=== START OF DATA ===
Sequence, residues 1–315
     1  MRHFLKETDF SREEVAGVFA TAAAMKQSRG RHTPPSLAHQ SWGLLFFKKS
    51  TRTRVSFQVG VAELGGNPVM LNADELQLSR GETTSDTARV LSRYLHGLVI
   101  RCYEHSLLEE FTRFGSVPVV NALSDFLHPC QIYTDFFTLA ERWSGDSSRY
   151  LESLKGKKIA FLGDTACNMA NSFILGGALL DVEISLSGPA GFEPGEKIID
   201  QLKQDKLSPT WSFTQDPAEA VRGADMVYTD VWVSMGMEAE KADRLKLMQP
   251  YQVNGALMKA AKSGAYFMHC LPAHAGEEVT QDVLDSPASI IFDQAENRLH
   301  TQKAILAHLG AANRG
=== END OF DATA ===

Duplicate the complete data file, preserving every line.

Sequence, residues 1–315
     1  MRHFLKETDF SREEVAGVFA TAAAMKQSRG RHTPPSLAHQ SWGLLFFKKS
    51  TRTRVSFQVG VAELGGNPVM LNADELQLSR GETTSDTARV LSRYLHGLVI
   101  RCYEHSLLEE FTRFGSVPVV NALSDFLHPC QIYTDFFTLA ERWSGDSSRY
   151  LESLKGKKIA FLGDTACNMA NSFILGGALL DVEISLSGPA GFEPGEKIID
   201  QLKQDKLSPT WSFTQDPAEA VRGADMVYTD VWVSMGMEAE KADRLKLMQP
   251  YQVNGALMKA AKSGAYFMHC LPAHAGEEVT QDVLDSPASI IFDQAENRLH
   301  TQKAILAHLG AANRG